Sign up for our newsletter
Environment / Sustainability

You can use Google Maps to look at city skylines in 3d and somehow we never noticed

Okay, this is one of those posts where we’d be lying if we told you it was news.

It’s news to us – hence the fact we’ve just lost an excitable hour playing with Google Maps, making the sort of “oh” and “ah” noises that normal people reserve for spectacular stunts and tiny babies. But we don’t think it’s news in the purest sense of “something that has only recently happened”.

If there’s any truth that CityMetric holds to be self evident, however, it’s that people really, really like maps – and if we enjoyed this, then a large number of you probably will, too. So here’s what we’ve just found out:

You can use Google Maps to look at cities’ skylines in 3d.

White papers from our partners

New York, New York, at its SimCity-ish best (click to expand). Image: Google.

I know, right?

Assuming that at least some of you aren’t just thinking, “God, guys, we’ve known this for ages”, here’s how you do it. First of all, in the bottom left hand corner, you press the button labelled “Earth”.

That gives you something like this:

Click to expand. Image: Google.

…which is nice if you’re the sort of person who likes looking at rooftops, but it’s not all that 3d. To get to that you have to press this button here:

Click to expand. Image: Google.

Tilt the map once and you get something like this:

Click to expand. Image: Google.

If that’s not titled enough for you, press it again and it looks like this:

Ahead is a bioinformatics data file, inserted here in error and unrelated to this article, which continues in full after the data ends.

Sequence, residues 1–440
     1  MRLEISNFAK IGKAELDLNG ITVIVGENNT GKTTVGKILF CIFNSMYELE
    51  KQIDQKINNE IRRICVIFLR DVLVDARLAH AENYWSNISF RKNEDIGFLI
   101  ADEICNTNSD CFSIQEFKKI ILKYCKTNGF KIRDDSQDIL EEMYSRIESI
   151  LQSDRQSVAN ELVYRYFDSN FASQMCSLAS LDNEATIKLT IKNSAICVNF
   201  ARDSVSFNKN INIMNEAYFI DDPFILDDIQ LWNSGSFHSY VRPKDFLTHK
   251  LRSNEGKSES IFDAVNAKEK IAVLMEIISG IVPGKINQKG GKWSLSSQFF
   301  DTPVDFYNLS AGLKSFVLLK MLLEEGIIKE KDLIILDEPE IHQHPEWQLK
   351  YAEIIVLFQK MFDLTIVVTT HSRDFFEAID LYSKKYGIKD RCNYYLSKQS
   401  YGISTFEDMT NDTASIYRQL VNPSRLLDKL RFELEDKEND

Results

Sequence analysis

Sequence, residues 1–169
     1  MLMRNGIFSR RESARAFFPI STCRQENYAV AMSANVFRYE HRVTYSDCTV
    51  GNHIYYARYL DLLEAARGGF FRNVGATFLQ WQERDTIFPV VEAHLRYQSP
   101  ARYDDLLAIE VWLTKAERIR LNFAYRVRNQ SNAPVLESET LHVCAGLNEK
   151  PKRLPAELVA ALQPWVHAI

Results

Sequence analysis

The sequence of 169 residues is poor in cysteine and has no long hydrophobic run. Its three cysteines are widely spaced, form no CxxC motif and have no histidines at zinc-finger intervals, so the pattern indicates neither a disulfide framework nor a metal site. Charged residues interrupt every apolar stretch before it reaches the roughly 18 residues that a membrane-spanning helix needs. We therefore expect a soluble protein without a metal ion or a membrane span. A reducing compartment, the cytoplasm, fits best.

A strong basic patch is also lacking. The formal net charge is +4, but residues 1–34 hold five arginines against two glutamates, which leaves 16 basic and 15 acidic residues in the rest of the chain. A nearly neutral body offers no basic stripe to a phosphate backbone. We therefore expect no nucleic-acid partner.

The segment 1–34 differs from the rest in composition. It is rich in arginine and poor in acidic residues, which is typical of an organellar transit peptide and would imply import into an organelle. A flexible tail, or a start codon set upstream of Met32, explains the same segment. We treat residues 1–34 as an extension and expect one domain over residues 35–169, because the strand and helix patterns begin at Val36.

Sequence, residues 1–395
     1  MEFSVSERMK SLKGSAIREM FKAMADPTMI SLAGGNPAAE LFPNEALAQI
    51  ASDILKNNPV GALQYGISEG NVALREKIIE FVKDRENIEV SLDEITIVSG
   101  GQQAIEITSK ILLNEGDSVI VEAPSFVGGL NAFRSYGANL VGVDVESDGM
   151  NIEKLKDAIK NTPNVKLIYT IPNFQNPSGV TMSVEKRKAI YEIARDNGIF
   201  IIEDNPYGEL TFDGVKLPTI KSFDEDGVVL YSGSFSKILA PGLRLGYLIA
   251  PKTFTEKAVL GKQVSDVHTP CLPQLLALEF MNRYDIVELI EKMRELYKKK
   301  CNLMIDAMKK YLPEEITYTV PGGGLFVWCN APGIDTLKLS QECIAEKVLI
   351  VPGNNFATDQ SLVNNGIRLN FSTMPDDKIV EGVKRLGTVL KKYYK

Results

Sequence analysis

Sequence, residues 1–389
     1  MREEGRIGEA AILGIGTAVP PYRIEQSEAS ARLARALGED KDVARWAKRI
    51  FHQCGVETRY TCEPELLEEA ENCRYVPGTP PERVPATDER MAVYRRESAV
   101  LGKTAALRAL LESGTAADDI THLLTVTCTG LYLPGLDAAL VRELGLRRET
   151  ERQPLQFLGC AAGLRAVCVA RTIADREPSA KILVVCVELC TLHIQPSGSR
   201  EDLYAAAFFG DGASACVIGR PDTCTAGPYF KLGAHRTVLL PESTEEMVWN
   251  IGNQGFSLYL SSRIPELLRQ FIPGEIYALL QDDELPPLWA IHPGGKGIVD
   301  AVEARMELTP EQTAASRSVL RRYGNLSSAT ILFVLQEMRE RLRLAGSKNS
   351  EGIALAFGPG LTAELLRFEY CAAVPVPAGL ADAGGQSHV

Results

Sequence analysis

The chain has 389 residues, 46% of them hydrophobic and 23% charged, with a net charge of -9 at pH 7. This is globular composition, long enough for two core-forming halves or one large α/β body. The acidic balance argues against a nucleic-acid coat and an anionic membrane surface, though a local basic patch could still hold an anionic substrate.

Click to expand. Image: Google.

That’s the view looking north from CityMetric towers. Here’s the view looking east.

Click to expand. Image: Google.

Before we get too London-centric, here’s the view over Newcastle:

Click to expand. Image: Google.

And here’s Edinburgh:

Click to expand. Image: Google.

That grey blob is the castle.

Skylines get less interesting as you get out into suburbia though. Here’s a view over Havering, out on London’s eastern fringe:

Click to expand. Image: Google.

Not much to see really. All very low density.

There are other issues with this functionality. It takes a while to render, hence the patches of blurriness. And some people are just, well, freaked out:

But anyway, this is now a thing, and you should go play with it. Seriously – knock yourselves out.


Like maps? Like us on Facebook. We also like maps. Makes sense, right?
This article is from the CityMetric archive: some formatting and images may not be present.